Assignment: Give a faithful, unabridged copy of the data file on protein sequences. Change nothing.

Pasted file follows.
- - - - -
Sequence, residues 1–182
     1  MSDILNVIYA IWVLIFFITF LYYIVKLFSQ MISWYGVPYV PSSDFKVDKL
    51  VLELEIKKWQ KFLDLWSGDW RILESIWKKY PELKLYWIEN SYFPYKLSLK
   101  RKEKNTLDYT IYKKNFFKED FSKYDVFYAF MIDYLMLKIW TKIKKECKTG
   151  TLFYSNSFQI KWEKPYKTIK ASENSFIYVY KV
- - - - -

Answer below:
Sequence, residues 1–182
     1  MSDILNVIYA IWVLIFFITF LYYIVKLFSQ MISWYGVPYV PSSDFKVDKL
    51  VLELEIKKWQ KFLDLWSGDW RILESIWKKY PELKLYWIEN SYFPYKLSLK
   101  RKEKNTLDYT IYKKNFFKED FSKYDVFYAF MIDYLMLKIW TKIKKECKTG
   151  TLFYSNSFQI KWEKPYKTIK ASENSFIYVY KV